Madeleine Dore | ArtsHub | Thursday 3rd September 2015

Live performance industry outperforms retail, accommodation and retail trade reporting $1.51 billion in revenue and 18.54 million in attendance in 2014.

Despite a drop in the average ticket price and reported lower consumer confidence, the live performance industry today  celebrates its strength.

National research conducted by Live Performance Australia (LPA) released today reveals the industry contributes $1.51 billion to the Australian economy and 18.54 million in attendance in 2014 – outperforming retail trade, accommodation and food services.’

LPA Chief Executive, Evelyn Richardson said the live performance industry is crucial to the vitality of the Australian economy and the social framework of Australia, which is evidence in the growth of both revenue and attendance figures.

The annual Ticket Attendance and Revenue Survey 2014 shows total revenue from ticket sales increased by 2% and attendance grew by 3.4% in 2014.

‘The live performance industry continues to outperform other strong market sectors,’ said Richardson. ‘And more people attend live performances annually than they do sporting events.’

The increase in ticket sales and attendance, in particularly the significant increase in the Festivals category can largely be explained by the inclusion of new data partners MONA, Oztix, Brisbane Powerhouse, Hayes Theatre Co to improve the ‘scope and rigor’ of the report.

It is hoped the research findings will demonstrate the need for ongoing investment in the arts and in developing a vibrant and sustainable live performance industry – and perhaps enlighten Government about where true art audiences lie.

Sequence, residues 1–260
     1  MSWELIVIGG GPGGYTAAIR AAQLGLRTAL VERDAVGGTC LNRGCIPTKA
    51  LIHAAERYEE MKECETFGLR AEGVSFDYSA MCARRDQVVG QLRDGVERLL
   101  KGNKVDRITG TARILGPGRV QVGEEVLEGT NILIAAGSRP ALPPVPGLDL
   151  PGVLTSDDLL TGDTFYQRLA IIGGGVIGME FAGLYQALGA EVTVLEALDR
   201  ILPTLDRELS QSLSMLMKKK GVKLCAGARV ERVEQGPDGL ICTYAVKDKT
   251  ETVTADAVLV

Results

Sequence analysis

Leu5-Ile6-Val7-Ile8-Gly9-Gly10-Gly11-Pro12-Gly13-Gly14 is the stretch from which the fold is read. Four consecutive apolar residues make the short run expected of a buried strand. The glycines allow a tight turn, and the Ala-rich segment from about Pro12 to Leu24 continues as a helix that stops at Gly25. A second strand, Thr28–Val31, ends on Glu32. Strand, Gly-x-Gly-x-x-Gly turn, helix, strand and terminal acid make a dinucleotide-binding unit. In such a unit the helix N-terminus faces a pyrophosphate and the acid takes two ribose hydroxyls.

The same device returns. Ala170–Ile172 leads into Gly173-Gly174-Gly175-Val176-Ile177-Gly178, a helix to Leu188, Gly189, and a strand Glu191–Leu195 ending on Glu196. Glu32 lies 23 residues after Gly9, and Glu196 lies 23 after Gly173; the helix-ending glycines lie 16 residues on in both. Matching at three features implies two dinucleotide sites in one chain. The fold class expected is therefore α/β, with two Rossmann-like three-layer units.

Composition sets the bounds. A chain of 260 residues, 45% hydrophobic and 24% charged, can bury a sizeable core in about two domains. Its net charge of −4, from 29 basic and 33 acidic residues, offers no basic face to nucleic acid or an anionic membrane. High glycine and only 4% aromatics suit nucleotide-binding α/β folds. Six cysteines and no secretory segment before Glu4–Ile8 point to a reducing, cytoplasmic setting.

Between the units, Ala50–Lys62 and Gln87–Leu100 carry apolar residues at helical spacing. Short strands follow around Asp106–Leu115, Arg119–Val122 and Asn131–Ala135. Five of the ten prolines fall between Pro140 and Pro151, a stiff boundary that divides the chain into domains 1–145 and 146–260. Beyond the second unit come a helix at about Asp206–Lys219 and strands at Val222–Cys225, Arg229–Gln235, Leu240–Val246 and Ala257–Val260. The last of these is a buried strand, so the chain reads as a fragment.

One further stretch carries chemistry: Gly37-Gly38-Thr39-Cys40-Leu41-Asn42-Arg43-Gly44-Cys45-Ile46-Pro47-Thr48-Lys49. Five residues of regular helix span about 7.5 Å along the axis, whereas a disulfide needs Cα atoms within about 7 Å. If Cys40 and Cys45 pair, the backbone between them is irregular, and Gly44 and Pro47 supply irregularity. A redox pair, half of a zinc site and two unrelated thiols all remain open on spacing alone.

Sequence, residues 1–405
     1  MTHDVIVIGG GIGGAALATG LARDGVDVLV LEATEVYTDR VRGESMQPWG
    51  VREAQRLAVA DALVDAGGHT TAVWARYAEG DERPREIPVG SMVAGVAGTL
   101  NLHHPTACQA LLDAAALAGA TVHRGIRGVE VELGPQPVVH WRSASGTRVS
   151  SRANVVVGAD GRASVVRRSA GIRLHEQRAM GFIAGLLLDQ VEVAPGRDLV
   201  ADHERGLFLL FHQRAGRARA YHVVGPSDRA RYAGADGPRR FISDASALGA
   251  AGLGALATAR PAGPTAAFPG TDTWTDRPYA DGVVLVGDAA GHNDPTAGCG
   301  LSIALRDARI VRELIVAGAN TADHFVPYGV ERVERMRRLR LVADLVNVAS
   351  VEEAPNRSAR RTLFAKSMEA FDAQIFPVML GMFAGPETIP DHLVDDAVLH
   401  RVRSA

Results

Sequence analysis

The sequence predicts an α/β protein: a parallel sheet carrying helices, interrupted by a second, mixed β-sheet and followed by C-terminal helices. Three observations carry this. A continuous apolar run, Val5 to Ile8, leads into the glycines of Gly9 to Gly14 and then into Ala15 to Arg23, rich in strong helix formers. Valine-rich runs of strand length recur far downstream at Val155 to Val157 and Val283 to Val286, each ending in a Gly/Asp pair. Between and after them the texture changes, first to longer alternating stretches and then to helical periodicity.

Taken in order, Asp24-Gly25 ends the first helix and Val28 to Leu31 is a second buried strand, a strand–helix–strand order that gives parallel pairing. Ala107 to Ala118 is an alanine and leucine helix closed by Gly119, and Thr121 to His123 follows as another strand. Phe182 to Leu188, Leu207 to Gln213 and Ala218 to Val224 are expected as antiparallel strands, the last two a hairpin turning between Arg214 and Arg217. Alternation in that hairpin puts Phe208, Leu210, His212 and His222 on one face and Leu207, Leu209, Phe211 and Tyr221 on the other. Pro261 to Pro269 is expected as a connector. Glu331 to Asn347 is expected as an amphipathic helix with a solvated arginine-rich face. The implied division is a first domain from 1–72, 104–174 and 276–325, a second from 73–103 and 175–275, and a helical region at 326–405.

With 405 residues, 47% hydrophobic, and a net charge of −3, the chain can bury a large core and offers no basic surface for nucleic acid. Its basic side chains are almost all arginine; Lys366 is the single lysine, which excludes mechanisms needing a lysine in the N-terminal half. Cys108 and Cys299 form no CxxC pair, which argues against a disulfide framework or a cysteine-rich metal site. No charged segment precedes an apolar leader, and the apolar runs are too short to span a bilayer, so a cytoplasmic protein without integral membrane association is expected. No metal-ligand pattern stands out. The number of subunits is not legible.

For instance, Contemporary Music, Musical Theatre, and Festivals accounted for 70% of all industry revenue in 2014, despite often being overshadowed by the “Government’s darlings” of opera, symphony orchestras, and ballet when it comes to Brandis’s definition of ‘excellence’.

Echoing reports of previous years, the survey found Contemporary Music, Musical Theatre to be the two largest contributors to the industry, generating 40.1% and 21.2% of revenue respectively and a combined attendance rate of 51.6%.

The Circus and Physical Theatre, Ballet and Dance, and Theatre categories experienced significant declines in both overall revenue and attendance due to a number of popular international performances that occurred in 2013 not returning to Australia in 2014.

In terms of national trends, the average spend on live performance per capital was reported at $64.67.

The report found that Victoria, New South Wales, and Western Australia commanded a larger share of both revenue and attendance compared to their respective share of Australia’s population.

Although Victoria experienced a decline in revenue (-5%) and attendance (-5.2%) in 2014, it still remained well above its national share of the population and had the highest spend per capita both in 2014 and 2013.

In 2014, New South Wales experienced gains in revenue (10%) and attendance (4.6%) largely driven by growth in the Musical Theatre category, which included successful runs of The Lion King and Strictly Ballroom in Sydney.

Tasmania and Northern Territory experienced significant revenue growth in 2014 (382.8% and 45.9% respectively).

For Tasmania, part of this growth can be explained by the first time inclusion of data from Oztix and MONA. In the Northern Territory, gains were driven by the Contemporary Music, Circus and Physical Theatre, and Children’s/Family categories.

Supported by industry super fund Media Super, Chief Executive Officer Graeme Russell said the research reaffirmed the important contribution that live performers and producers make to the national culture and the creative economy.

‘We have access to a greater variety of high-quality local and international performances than ever before, which the report shows Australians truly value and enjoy,’ concluded Russell.

Ticket Attendance and Revenue Survey 2014 infographic.
Full report at